Learn More
We introduce the concept of Logically Reconfigurable Physical Unclonable Functions (LR-PUFs). In contrast to classical Physically Unclonable Functions (PUFs), LR-PUFs can be dynamically 'reconfigured' after deployment such that their challenge/response behavior changes in a random manner , i.e., without replacing or physically modifying the PUF. To this(More)
Physically Unclonable Functions (PUFs) are an emerging technology and have been proposed as central building blocks in a variety of cryptographic protocols and security architectures. However, the security features of PUFs are still under investigation: Evaluation results in the literature are difficult to compare due to varying test conditions, different(More)
RFID-based tokens are increasingly used in electronic payment and ticketing systems for mutual authentication of tickets and terminals. These systems typically use cost-effective tokens without expensive hardware protection mechanisms and are exposed to hardware attacks that copy and maliciously modify tokens. Physically Unclonable Functions (PUFs) are a(More)
The Trusted Computing Group (TCG) has addressed a new generation of computing platforms employing both supplemental hardware and software with the primary goal to improve the security and the trustworthiness of future IT systems. The core component of the TCG proposal is the Trusted Platform Module (TPM) providing certain cryptographic functions. Many(More)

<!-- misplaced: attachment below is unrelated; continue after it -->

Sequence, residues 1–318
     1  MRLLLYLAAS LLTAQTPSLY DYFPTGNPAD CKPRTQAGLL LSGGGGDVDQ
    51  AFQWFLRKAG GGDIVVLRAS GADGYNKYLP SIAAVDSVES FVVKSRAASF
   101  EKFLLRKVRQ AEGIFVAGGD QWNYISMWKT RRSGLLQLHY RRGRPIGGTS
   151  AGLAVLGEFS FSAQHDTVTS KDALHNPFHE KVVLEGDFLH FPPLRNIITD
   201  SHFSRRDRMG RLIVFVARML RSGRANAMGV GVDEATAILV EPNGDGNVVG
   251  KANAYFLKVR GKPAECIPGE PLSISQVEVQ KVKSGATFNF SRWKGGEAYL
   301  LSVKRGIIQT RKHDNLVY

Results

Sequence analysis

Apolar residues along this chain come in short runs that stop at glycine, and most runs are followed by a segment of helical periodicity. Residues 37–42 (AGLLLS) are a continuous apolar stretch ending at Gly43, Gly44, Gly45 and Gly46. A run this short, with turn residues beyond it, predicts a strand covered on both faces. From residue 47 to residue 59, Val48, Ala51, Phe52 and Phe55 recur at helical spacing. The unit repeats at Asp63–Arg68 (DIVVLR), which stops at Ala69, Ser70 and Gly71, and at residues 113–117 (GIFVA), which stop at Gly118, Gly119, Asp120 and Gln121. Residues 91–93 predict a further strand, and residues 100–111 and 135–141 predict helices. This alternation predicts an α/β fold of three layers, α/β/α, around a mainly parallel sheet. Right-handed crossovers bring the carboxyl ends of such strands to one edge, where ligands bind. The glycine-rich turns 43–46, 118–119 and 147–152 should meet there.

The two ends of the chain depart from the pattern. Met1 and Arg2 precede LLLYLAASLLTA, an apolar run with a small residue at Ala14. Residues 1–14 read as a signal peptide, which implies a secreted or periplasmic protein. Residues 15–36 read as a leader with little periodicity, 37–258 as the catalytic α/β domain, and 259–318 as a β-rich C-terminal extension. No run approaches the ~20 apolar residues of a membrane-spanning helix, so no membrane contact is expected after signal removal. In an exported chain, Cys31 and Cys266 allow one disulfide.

Recently, operators of public transportation in many countries started to roll out electronic tickets (e-tickets). E-tickets offer several advantages to transit enterprises as well as to their customers, e.g., they aggravate forgeries by cryptographic means whereas customers benefit from fast and convenient verification of tickets or replacement of lost(More)
Remote attestation is a mechanism to securely and verifiably obtain information about the state of a remote computing platform. However, resource-constrained embedded devices cannot afford trusted hardware components to attest the device, while plain software attestation is generally vulnerable to network and collusion attacks. In this paper, we present a(More)
Software attestation has become a popular and challenging research topic at many established security conferences with an expected strong impact in practice. It aims at verifying the software integrity of (typically) resource-constrained embedded devices. However, for practical reasons, software attestation cannot rely on stored cryptographic secrets or(More)
Embedded systems are at the core of many security-sensitive and safety-critical applications, including automotive, industrial control systems, and critical infrastructures. Existing protection mechanisms against (software-based) malware are inflexible, too complex, expensive, or do not meet real-time requirements. We present TyTAN, which, to the best of(More)